Riceless sushi and beerless beer: Eating out Passover style
There are many pluses to spending Passover in the Holy Land. One-day holidays, mass exodus by a public on vacation (maybe in remembrance of anther famous migration) and of course, dining-out options. Whereas the Diaspora has to deal with cooking all their matza pizza at home, in Jerusalem and throughout Israel, many restaurants make the conversion to kosher-for-Passover. So though it is a holiday with famously limited food options, Passover in "the land" offers some surprising choices for kosher dining out, both for the better and worse.
Fine French and International cuisine
Nobody flocks to the Israel from the lands of affliction quite like the French do (except maybe those Americans). And when they come, they need not subsist on matza brulee and coq au kosher-for-Passover vin alone. Many of Jerusalem's French establishments have cleaned out their baguette crumbs, like Canela, 1868 and Eldad V'Zehoo.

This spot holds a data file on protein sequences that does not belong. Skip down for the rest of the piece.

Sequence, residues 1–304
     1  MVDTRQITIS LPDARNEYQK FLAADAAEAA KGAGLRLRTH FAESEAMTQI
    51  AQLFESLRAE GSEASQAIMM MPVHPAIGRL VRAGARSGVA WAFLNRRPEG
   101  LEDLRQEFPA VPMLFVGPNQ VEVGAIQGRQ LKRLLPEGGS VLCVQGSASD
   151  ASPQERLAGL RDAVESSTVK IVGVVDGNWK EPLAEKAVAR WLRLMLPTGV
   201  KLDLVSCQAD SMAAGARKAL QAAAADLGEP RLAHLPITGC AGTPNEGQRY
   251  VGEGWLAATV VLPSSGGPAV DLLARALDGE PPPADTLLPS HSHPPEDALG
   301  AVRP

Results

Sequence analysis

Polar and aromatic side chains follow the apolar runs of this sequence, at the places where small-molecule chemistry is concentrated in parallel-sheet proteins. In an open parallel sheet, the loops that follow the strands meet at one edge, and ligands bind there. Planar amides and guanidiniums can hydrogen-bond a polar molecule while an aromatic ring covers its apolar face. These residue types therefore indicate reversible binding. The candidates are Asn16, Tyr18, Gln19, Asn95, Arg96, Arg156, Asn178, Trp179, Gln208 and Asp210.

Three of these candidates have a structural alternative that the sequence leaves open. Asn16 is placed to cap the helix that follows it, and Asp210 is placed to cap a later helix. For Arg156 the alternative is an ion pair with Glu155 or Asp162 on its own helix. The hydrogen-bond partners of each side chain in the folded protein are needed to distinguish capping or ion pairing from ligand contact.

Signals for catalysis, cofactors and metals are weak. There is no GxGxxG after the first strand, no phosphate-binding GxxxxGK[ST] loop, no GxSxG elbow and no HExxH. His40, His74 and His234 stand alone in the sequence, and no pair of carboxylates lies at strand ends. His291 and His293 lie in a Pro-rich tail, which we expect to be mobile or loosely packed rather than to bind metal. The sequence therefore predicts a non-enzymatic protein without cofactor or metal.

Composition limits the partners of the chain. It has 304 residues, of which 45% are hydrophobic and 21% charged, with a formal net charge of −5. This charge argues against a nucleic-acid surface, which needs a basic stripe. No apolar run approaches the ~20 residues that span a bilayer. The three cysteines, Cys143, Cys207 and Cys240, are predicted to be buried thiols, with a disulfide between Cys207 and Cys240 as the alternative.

There's not a lot of leavening that goes into coffees and salads, though you can thank quick-moving, non-waiting-for-yeast-rising Hebrews for the lack of pastries available at Jerusalem's cafes for a week. Still, some will be open over Passover, including trendy Caffit. Cup of Joe will also be open, though only for the kitniyot-eating rice, beans, and legume look-a-like set.
In Goodfellas, Henry Hill complains of being given egg noodles and ketchup in place of spaghetti. Does a similar fate await Passover diners at places like Luigi, Luchana, and Little Italy? Let us know in the comments section, below.
At least one part of Joy Grill and Beer's titular offerings will be off the menu for the week, but that's doesn't mean big ol' steaks have to disappear. Buffalo Steakhouse, Grill Bar and El Gaucho have all entri-got you covered, too.
Rechavia Sushibar is once again trying it's experiment in riceless sushi, substituting things like mashed potatoes instead, which we think is just plain wrong. Corusin at the Malcha mall will also be back.
Falafel and Shwarma
If you figure out a way to wrap falafel balls and meat strips into a piece of matza, let us know. We'll all be billionaires!
2000+ tips and recommendations
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